|Module I||14 credits|
|Econometrics and Forecasting||4|
|Module II||12 credits|
|Elective courses (choose 2 among 5 courses)|
|Module III||12 credits|
|Elective courses (choose 4 among 6 courses)|
|Money and Banking||3|
|Module IV||8 credits|
|Thesis Research Design (TRD)||2|
This course will explore the decision making of economic agents (consumers and firms), how they respond to changes in the opportunities and constraints that they face and how they interact in markets. We will begin by studying the theories of consumer behavior and producer behavior. Then we will combine both in the study of individual markets, including perfect competition, monopoly, monopsony, and oligopoly.
The theoretical framework is used as a tool to ask questions and to set up and solve qualitative and quantitative problems that allow us to think analytically about the real world. Main textbook is Pindyck, R., and Rubinfeld, D., Microeconomics, Prentice Hall, 7th edition.
This course focuses on the choice making, given limited resources and unlimited needs, by the entire society. In particular, the course will discuss output and its growth theories, unemployment and growth, monetary policy, the balance of payment and growth and development. Two main textbooks are Gartner Manfred, 2009, Macroeconomics, 3th Edition, Prentice Hall and Krugman, P. and Wells, R., 2006. Macroeconomics, Worth Publisher.
Econometrics and Forecasting
In this course, we study how economists use econometric models to analyze data, and in so doing, investigate the real world and suggest policy implications to policy makers. Econometric techniques allow us to test whether economic theories apply in real world. This course introduces the standard methods for estimating relationships among observed variables and testing hypotheses about those economic relationships based on economic theories.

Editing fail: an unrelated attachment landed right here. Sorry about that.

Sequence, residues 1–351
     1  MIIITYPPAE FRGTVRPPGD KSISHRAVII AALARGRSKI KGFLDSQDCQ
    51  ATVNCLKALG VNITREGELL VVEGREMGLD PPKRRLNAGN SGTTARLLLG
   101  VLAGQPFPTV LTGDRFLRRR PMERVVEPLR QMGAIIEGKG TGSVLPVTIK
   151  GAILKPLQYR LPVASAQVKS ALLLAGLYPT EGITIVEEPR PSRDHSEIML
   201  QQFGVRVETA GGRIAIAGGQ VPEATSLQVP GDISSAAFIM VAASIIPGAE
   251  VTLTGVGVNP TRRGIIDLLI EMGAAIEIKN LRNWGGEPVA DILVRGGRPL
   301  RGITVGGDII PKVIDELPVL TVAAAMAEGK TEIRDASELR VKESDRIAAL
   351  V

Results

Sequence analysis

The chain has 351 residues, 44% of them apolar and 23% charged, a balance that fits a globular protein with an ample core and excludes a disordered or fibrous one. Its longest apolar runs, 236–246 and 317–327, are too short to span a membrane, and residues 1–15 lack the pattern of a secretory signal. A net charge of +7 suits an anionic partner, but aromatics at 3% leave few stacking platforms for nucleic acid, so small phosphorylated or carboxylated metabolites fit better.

Main textbook includes Greene WH (2012) Econometric Analysis, 6th edition, Prentice Hall.
The course sets out to provide learners with an opportunity to enhance their English academic writing. Specifically, learners will be able to produce a long piece of writing that is well organised, structure different types of academic essays appropriately, express complex ideas coherently, understand and accurately use academic writing conventions, follow a formal style of writing, and increase the range of academic vocabulary in their writing
We survey topics in economic development such as growth and innovation/technology change, sources of economic growth, international trade and foreign investment, institution, agriculture and industrialization, human capital and health, migration and remittances. The course will focus on a balance of theory and empirics through academic papers that introduce students to current research methodologies.
The objective of the course is to expose participants to both the theoretical principles and to the practical applications of project appraisal. Upon completion of the course participants will have gained the knowledge and skills necessary for conducting the financial, risk, economic and social analyses of projects.
The Environmental economics course is designed to enable students to understand the linkages between economic activities and the environment and vice versa. It discusses the theories and the tools that can be used to understand and measure these relationships so that appropriate decisions on how best to manage the environment and the natural resources can be identified.
The main theme of the course is delivering knowledge on what theories and policies have been applied in agriculture and rural development over last five decades, what successes, failures and challenges in rural development countries have experienced and how to build up the effective rural development strategy and policy in the developing and transition economies.
This interdisciplinary course aims at providing students with an overview of the vast themes of rural development. The objectives of the course are to enable students to:
1. Understand the basic theories and concepts in rural development and the role of rural development in economic growth, development, poverty reduction and environmental sustainability in the context of globalization and climate change.
2. Apply the basic theories and concepts to analyze the processes of agrarian change in developing countries and to explore and reflect upon current theoretical and policy debates related to agricultural and rural development.
3. Be familiar with concrete issues related to rural development in Vietnam, such as economic growth, equity, poverty alleviation, and environmental protection and the rural development strategy being pursued by the Vietnamese Government and promoted by International Donors.